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Governors Island in New York County, New York — The American Northeast (Mid-Atlantic)
 

Castle Williams

Changing with the Times

 
 
Castle Williams Marker image. Click for full size.
By Bill Coughlin, September 10, 2011
1. Castle Williams Marker
Inscription.
[ Side 1 ]
A Place Worth Protecting
The same waterways that connected New York City to the world made it vulnerable to naval attack.

During the Revolutionary War, a British maritime force captured New York. In the early days of independence that followed the war, the federal government constructed a series of forts in the harbor. Their job was to safeguard the port against future attacks. Castle Williams, built from 1807 to 1811, was one of them.

New York was never attacked. But the stone fort would serve the nation in changing ways.

[ Side 2 ]
A Show of Force
When it was completed in 1811, Castle Williams was the most visible example of force in New York Harbor. Together with two other fortifications on Governors Island – Fort Jay and South Battery – it helped to defend New York City against naval attack.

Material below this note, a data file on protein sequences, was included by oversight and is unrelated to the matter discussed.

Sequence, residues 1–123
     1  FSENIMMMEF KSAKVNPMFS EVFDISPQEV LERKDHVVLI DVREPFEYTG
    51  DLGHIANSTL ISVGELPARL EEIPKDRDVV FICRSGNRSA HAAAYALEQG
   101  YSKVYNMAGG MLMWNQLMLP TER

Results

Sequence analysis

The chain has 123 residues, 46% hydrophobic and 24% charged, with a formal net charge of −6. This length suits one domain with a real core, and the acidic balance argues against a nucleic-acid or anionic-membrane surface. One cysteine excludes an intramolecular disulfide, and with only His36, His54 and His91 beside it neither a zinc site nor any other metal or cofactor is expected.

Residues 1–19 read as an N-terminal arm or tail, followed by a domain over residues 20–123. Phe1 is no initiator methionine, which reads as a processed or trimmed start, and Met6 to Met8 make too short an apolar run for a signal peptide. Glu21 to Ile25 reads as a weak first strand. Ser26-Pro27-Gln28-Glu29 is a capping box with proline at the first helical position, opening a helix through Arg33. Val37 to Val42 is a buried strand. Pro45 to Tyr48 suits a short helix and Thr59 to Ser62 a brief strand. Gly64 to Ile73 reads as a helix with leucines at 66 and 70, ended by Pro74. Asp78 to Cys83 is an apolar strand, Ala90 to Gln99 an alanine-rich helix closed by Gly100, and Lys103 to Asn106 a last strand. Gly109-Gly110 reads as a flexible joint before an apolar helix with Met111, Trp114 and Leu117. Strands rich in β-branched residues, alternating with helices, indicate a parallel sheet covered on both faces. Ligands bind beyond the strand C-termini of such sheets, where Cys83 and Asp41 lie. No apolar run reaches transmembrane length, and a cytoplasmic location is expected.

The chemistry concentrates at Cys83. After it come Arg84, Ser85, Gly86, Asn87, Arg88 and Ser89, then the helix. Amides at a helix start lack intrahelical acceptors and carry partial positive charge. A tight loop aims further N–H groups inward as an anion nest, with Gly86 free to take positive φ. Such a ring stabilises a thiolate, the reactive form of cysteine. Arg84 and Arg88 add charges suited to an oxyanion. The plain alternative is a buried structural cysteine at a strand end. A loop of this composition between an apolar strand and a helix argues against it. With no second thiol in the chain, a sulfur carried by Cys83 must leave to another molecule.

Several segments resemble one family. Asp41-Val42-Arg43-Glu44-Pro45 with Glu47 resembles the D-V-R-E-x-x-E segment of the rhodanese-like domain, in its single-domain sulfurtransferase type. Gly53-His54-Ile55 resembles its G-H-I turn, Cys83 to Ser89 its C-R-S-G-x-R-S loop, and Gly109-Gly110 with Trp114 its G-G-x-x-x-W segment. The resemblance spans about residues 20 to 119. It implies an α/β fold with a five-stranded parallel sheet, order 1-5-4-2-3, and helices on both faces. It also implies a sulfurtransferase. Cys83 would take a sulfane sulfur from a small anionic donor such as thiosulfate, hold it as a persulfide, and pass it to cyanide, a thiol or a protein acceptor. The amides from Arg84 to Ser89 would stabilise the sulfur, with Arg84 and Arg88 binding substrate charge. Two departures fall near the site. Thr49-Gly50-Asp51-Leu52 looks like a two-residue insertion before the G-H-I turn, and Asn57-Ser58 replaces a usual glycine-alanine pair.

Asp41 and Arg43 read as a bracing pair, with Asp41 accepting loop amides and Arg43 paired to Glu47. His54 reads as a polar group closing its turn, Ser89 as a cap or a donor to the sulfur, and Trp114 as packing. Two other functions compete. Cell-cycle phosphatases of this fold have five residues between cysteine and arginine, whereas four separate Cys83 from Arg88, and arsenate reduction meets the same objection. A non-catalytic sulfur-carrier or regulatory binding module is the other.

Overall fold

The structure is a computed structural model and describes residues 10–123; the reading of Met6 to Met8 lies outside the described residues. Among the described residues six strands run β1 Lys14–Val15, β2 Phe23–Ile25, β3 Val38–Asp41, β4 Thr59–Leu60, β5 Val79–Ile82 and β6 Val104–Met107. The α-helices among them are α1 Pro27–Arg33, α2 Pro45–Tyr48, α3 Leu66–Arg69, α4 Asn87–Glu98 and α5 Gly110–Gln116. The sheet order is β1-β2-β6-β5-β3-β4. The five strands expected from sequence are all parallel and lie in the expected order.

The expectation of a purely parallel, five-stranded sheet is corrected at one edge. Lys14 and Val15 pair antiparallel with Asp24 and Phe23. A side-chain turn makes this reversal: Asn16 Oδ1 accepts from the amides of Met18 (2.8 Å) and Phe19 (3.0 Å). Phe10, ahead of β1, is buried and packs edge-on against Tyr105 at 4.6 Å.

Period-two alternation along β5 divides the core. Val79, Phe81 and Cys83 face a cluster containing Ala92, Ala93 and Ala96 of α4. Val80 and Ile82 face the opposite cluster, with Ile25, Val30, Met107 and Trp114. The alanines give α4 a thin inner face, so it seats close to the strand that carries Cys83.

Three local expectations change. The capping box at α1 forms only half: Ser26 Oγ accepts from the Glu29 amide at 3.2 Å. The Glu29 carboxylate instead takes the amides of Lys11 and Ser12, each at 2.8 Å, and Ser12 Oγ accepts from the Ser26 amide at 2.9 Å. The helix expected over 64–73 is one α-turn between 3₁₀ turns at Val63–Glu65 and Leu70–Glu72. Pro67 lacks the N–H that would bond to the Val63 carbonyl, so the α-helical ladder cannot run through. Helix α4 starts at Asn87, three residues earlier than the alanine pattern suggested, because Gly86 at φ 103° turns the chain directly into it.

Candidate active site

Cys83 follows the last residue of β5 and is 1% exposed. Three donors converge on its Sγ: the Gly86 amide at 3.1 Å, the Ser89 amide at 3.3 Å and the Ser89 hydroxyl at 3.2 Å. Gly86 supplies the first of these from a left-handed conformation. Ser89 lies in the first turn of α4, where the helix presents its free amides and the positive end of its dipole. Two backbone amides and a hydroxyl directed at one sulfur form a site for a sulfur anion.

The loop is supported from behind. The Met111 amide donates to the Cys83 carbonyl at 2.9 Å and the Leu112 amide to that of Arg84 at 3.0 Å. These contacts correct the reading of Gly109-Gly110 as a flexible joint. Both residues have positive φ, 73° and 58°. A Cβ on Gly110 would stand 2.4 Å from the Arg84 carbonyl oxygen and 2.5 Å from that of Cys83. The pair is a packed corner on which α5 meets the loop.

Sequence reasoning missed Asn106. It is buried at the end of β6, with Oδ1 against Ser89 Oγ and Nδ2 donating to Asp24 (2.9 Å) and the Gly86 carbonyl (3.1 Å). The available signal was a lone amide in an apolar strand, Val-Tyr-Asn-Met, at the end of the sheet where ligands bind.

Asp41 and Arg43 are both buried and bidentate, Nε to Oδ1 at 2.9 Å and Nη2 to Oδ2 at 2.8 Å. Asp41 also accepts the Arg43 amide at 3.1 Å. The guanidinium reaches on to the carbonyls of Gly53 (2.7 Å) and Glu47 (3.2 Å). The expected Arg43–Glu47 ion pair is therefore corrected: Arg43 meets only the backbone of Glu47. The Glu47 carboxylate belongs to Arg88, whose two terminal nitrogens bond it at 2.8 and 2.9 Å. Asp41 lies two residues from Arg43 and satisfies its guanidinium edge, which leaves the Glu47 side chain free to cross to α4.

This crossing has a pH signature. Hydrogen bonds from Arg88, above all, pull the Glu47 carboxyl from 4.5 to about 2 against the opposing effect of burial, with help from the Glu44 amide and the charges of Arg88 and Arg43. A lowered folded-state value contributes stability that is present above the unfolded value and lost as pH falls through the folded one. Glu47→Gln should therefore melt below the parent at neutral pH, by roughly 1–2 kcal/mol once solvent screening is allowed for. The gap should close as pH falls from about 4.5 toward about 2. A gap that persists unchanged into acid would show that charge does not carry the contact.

Over time, as the forts played less of a role in protecting the harbor and the city, an army post evolved around them. By the 1870s, Governors Island became a major U.S. Army headquarters and by 1930, it was home to over 3,000 soldiers, officers, and their families.

Even Governors Island, once a smiling garden . . . was now covered with fortifications – so that this once-peaceful island resembled a fierce
Castle Williams Marker (Side 2) image. Click for full size.
By Bill Coughlin, September 10, 2011
2. Castle Williams Marker (Side 2)
little warrior in a big cocked hat, breathing gunpowder and defiance to the world
!”
- Author Washington Irving, Knickerbockerís History of New York, 1809

 
Erected by National Park Service.